Over seven hundred people bought tickets for Wa Na Wari’s inaugural “Walk the Block”fundraising event on Saturday, Oct. 16. Attendees were treated to a feast of visual art, music, dance, food, and drinks.
Indigenous peoples and communities have long used stories to understand the world and our place in it. Seedcast is a story-centered podcast by Nia Tero and a special monthly column produced in partnership with the South Seattle Emerald about nurturing and rooting stories of the Indigenous experience.
One of my earliest memories is of my grandfather waking up every morning before the sun came up. I was born in 1969 and in my early years, before my mother married my father, we lived with my grandparents. By the time I was maybe 4 or 5, my grandfather had retired. He had served in World War II in the motor pool in the South Pacific, and then, when he came to Seattle, he got a job at the Naval shipyards down on the piers here in the sound, later working with the transportation department until his retirement in the early ’70s. He came from a family of tenant farmers who migrated to the Northwest from the South who were used to working on the land. Their work ethic never left him.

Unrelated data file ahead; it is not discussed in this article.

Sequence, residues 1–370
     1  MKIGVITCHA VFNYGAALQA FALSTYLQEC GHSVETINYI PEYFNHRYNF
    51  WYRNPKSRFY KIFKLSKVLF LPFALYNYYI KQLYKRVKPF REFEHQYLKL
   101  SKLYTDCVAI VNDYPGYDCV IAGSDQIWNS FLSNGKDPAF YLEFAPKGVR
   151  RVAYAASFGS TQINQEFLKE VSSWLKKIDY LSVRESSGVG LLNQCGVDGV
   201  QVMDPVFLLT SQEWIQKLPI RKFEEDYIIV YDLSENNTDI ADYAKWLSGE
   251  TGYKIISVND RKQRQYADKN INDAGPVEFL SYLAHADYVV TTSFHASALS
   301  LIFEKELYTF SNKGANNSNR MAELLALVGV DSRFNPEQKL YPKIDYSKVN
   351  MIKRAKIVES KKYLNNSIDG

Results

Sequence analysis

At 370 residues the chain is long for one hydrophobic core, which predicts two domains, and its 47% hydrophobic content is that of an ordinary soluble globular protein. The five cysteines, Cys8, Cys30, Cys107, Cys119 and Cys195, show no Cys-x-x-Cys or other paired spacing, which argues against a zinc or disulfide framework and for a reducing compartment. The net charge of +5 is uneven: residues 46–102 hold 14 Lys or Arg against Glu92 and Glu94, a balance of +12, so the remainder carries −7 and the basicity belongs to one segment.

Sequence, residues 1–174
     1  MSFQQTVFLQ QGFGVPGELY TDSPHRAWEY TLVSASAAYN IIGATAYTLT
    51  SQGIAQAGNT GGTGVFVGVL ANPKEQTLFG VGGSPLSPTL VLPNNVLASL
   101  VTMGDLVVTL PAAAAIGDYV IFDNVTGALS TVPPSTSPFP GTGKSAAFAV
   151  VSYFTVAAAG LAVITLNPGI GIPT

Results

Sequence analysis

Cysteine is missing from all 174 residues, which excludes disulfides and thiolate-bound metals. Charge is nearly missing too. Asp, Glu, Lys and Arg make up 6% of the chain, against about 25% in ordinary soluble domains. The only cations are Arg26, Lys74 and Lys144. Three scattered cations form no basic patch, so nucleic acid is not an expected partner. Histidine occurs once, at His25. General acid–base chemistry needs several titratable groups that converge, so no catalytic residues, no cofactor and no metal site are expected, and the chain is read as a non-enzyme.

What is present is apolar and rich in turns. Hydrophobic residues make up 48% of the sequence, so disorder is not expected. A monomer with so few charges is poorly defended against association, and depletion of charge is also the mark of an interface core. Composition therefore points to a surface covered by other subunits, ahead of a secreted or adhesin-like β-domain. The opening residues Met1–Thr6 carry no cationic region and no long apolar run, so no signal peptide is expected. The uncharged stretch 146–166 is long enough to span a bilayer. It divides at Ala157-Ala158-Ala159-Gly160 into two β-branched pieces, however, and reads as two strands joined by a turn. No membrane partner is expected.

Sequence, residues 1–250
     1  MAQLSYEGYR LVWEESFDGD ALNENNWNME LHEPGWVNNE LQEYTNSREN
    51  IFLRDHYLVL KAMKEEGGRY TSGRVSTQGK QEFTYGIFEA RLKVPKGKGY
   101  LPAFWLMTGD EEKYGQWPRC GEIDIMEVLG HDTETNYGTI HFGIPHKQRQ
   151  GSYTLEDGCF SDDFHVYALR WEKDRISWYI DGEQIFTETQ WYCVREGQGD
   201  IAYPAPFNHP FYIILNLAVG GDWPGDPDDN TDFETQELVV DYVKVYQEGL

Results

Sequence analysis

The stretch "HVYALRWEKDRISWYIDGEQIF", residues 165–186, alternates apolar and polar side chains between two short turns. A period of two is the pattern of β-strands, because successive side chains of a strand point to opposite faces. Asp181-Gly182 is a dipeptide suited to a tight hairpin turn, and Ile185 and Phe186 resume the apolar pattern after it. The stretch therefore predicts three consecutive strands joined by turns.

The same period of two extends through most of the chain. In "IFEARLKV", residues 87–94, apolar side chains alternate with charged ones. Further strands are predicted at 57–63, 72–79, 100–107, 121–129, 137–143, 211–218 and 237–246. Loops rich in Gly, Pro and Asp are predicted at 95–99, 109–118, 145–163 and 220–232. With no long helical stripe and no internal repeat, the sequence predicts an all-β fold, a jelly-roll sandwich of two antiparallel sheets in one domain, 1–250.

Do you remember Jordan’s Drug Store? Have you heard of Bluma’s Deli? Accent on Travel? Liberty Bank? Kirk’s Laundry? Black Arts West? Joy Unlimited? Thompson’s Point of View, Black and Tan, Miss Helen’s Diner? Tiki’s Tavern,? Mardi Gras? Red Apple? The list could be longer, but if you recognize these names, you know they are businesses gone from Seattle’s Central District or CD. Though reasons for their disappearances differ, the word “gentrification” enters conversations often. New buildings, several stories high, often in bright colors, dot the neighborhood. By the time this is printed, a few more landmarks may be gone or going. This is today’s CD.